FRANCIS NII | Supported by the South Pacific Strategic Solutions Writing Fellowship
THERE ARE FAMILIES in Port Moresby city that survive on income from selling buai and the proposal by the National Capital District Council to impose a blanket ban on the nut in the nation’s capital is akin to passing a death sentence on these people.
Does Governor Powes Parkop have any plan for their survival?
We all want our cities, towns, villages, rivers and seas to be clean and free of pollution.
But in the process, no one in their right mind would compromise human lives for environmental beauty.
To sever the only lifeline of our very own people without providing them an alternative means of survival is akin to homicide.
Prostitution and criminal activity in the city will rise as these people struggle for survival. There will be more HIV victims and other social and health problems contrary to intended outcomes.
And then there are families in the rural areas where buai constitute the main source of income. The ban will have adverse financial implications on their livelihood as well.
So banning buai in Port Moresby will not only affect traders and users in the city but will have implications for many people including the little farmers in places like Morobe, Madang, Oro, Gulf, East and West New Britain, North Solomons and even the periphery of NCD.
Instead of a blanket ban, the NCDC must explore other means that are beneficial to all parties. If NCDC has run out of ideas then it should ask the public to contribute ideas and select the best one and pay for it.
Here is one suggestion.
The NCDC could issue buai trading licenses and identifications to traders. The license should have terms and conditions spelt out clearly in Pidgin and Hiri Motu.
It should state the location of the trade, which may be at the main market or in front of one’s residence or any other place mutually agreed to by the buai seller and the NCDC.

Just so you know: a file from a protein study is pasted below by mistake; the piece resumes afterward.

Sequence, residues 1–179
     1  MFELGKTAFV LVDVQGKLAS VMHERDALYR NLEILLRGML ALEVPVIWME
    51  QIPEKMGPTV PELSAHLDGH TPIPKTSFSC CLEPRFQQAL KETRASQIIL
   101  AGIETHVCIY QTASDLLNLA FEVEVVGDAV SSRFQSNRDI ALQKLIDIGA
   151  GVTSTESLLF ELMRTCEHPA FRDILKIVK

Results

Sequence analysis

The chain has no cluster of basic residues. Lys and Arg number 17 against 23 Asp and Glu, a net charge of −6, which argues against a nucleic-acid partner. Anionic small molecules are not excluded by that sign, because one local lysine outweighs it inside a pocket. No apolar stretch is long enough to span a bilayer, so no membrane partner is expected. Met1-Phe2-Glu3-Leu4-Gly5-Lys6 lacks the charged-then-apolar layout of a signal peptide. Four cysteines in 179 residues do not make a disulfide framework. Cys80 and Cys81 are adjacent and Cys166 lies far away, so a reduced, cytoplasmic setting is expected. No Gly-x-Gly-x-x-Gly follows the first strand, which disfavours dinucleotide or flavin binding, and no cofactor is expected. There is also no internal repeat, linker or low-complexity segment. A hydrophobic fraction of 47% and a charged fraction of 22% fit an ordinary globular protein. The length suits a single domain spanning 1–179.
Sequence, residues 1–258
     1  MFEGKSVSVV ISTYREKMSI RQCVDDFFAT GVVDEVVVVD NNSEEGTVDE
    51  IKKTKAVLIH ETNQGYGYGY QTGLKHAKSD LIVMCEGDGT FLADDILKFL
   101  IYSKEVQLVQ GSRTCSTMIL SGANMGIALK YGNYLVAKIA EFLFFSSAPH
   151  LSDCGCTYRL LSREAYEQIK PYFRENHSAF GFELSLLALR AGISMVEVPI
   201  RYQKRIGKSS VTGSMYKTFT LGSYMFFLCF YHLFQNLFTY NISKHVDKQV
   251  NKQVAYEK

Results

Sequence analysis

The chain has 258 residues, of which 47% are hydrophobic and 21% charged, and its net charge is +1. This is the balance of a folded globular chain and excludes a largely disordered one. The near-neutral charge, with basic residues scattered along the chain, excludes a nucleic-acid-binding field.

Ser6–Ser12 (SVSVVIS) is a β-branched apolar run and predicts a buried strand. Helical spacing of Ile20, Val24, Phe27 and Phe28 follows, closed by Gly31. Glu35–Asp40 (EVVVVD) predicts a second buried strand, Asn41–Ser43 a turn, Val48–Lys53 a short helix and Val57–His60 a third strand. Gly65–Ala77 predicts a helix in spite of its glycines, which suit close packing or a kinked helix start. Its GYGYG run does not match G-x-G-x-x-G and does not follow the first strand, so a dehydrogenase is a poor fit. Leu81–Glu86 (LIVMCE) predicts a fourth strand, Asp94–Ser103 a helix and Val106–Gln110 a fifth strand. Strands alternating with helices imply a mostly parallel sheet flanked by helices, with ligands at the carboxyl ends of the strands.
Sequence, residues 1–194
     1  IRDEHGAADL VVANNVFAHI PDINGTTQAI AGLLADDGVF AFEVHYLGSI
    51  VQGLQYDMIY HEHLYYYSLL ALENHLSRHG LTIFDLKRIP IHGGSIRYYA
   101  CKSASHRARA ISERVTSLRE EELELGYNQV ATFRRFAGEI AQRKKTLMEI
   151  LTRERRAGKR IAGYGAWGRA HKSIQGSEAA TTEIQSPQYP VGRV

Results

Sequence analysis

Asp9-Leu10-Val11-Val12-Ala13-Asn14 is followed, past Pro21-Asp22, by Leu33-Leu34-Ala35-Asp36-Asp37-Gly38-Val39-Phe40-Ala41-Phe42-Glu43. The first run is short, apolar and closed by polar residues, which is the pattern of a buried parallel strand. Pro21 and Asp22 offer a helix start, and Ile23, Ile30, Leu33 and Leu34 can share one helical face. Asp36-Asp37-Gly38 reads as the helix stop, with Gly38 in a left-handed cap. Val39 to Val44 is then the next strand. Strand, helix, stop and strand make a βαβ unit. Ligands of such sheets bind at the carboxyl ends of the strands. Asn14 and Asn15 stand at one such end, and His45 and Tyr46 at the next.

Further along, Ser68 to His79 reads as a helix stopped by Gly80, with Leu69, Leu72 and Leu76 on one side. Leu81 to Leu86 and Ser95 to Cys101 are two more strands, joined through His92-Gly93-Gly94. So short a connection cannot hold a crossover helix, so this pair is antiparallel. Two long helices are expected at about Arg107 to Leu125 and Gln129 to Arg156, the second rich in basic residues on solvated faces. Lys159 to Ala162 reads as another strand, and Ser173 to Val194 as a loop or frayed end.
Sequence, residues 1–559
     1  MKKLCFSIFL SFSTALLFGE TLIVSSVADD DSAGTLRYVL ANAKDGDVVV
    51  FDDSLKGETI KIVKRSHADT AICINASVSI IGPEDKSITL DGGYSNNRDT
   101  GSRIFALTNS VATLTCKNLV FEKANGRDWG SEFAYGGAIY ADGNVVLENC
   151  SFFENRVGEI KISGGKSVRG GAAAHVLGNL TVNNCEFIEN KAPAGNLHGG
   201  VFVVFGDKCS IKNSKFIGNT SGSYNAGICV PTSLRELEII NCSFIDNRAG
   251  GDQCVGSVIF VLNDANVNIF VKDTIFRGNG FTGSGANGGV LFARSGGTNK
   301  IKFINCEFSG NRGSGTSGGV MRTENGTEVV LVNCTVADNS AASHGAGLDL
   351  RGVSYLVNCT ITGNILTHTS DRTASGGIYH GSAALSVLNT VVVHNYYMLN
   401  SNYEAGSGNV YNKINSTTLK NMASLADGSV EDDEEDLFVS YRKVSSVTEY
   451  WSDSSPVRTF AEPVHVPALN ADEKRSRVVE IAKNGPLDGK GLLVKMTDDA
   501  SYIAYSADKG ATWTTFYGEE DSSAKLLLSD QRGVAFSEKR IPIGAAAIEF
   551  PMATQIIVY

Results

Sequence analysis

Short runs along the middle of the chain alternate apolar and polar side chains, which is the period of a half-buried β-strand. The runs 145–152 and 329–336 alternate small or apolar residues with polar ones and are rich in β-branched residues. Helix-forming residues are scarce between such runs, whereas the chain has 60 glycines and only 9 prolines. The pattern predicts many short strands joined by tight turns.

The NCDC must supply trash bins with the license number and location and small plastic bags to the license trader free or for a small fee.
When people buy a nuts, they must also be given a plastic bag for the buai skin and spittle and dump it in trash bin. City trash collectors will empty the bin and leave it behind for reuse.
When the plastic bags run out, the trader can get the NCDC to replenish them.
Before closing up, each trader must clean up his or her designated spot.
The city rangers must do routine inspections.
Heavy penalties should be imposed on those who do not comply with the conditions of the license.
Spot fines should apply to misbehaving buai users.
In this way no one is a loser. Everyone is a winner.
And more importantly, the responsibility of taking care of the rubbish is given back to the perpetrators in a regulated way. This will cut down the clean-up cost as well.
There are buai traders in the city who are conscious of their rubbish.
Last September, I stayed in the city with a family at Gerehu Stage 3. The mistress of the house sold buai at the gate of her residence.
She put her buai stall close to the trash bin provided by NCDC. And she ensured that her customers left the skins and the spittle in the trash bin that had a plastic bag in it. You could hardly see buai skins and spittle at the spot. All went into the trash bin.
Why not try this suggestion and see if it can work? If it doesn’t work, then go for the total ban as mooted.